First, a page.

Skin Temperature (of An Atmosphere)
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Skin Temperature of An Atmosphere

The skin temperature of an atmosphere is the temperature of a hypothetical thin layer high in the atmosphere that is transparent to incident solar radiation and partially absorbing of infrared radiation from the planet. It provides an approximation for the temperature of the tropopause on terrestrial planets with greenhouse gases present in their atmospheres.

The skin temperature of an atmosphere should not be confused with the surface skin temperature, which is more readily measured by satellites, and depends on the thermal emission at the surface of a planet.[1][2]


A multi-layered model of the atmosphere is shown, with the skin layer at the top. Arrows show energy fluxes exchanged between layers, and dotted lines indicate that the radiation passes through one or more layers. Note that the flux radiated upwards by the opaque layer at T1 must be equal to the incident solar flux, ?Teq4. Thus T1 = Teq.

The concept of a skin temperature builds on a radiative-transfer model of an atmosphere, in which the atmosphere of a planet is divided into an arbitrary number of layers. Each layer is transparent to the visible radiation from the Sun but acts as a blackbody in the infrared, fully absorbing and fully re-emitting infrared radiation originating from the planet's surface and from other atmospheric layers. Layers are warmer near the surface and colder at higher altitudes. If the planet's atmosphere is in radiative equilibrium, then the uppermost of these opaque layers should radiate infrared radiation upwards with a flux equal to the incident solar flux. The uppermost opaque layer (the emission level) will thus radiate as a blackbody at the planet's equilibrium temperature.[3][4]

The skin layer of an atmosphere references a layer far above the emission level, at a height where the atmosphere is extremely diffuse. As a result, this thin layer is transparent to solar (visible) radiation and translucent to planetary/atmospheric (infrared) radiation. In other words, the skin layer acts as a graybody, because it is not a perfect absorber/emitter of infrared radiation. Instead, most of the infrared radiation coming from below (i.e. from the emission level) will pass through the skin layer, with only a small fraction being absorbed, resulting in a cold skin layer.[3][4][5][6][7]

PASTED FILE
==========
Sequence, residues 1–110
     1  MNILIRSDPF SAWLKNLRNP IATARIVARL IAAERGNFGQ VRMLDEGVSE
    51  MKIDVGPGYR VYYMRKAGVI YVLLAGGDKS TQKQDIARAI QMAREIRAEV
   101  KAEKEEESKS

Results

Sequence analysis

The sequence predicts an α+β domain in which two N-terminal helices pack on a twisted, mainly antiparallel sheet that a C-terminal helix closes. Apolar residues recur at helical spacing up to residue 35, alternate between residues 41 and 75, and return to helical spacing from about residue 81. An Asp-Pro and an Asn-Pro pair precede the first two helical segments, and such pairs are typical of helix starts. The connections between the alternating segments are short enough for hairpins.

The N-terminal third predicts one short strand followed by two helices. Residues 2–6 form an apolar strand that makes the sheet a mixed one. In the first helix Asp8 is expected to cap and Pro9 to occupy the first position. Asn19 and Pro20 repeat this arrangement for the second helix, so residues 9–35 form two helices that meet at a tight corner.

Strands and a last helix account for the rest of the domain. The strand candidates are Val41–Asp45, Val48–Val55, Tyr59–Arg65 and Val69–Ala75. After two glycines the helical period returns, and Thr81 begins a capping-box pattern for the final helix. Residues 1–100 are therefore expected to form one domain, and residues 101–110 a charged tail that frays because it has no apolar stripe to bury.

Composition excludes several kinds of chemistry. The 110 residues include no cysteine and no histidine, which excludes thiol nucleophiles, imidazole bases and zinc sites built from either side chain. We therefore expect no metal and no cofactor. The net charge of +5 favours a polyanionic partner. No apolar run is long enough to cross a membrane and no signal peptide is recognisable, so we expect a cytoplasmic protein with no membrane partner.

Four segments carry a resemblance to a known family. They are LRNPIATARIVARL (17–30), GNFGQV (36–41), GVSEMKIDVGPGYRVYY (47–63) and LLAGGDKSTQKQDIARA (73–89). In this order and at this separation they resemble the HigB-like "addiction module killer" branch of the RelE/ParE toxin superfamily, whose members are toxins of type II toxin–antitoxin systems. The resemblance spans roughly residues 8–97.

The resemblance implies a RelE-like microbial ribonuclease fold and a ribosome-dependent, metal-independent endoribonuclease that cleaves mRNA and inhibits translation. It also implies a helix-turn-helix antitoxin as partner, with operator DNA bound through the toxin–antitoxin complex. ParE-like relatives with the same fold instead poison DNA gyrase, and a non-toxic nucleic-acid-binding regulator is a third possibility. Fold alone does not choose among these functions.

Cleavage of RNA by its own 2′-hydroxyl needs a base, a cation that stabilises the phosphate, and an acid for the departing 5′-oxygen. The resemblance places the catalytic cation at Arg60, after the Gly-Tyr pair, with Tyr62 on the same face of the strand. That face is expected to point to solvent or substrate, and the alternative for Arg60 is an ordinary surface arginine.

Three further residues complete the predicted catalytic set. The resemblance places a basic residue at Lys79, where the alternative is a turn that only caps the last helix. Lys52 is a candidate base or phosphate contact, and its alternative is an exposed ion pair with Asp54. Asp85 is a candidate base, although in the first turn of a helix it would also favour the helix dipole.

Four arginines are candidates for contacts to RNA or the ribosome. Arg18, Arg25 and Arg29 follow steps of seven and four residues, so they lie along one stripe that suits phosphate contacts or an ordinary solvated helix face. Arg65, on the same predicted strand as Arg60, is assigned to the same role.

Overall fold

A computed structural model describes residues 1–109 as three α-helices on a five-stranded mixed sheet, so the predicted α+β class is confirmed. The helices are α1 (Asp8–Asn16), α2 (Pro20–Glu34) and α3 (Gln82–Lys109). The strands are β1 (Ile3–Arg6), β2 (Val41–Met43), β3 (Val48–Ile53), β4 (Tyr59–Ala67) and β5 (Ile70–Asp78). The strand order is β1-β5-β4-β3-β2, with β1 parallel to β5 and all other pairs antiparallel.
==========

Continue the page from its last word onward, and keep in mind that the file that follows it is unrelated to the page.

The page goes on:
Consider a thin layer of gas high in the atmosphere with some absorptivity (i.e. the fraction of incoming energy that is absorbed), ?. If the emission layer has some temperature Teq, the total flux reaching the skin layer from below is given by:

assuming the emission layer of the atmosphere radiates like a blackbody according to the Stefan-Boltzmann law. ? is the Stefan-Boltzmann constant.

As a result:

is absorbed by the skin layer, while passes through the skin layer, radiating directly into space.[3]

Assuming the skin layer is at some temperature Ts, and using Kirchhoff's law (absorptivity = emissivity), the total radiation flux produced by the skin layer is given by:

where the factor of 2 comes from the fact that the skin layer radiates in both the upwards and downwards directions.[3]

If the skin layer remains at a constant temperature, the energy fluxes in and out of the skin layer should be equal, so that:

Therefore, by rearranging the above equation, the skin temperature can be related to the equilibrium temperature of an atmosphere by:

The skin temperature is thus independent of the absorptivity/emissivity of the skin layer.[8]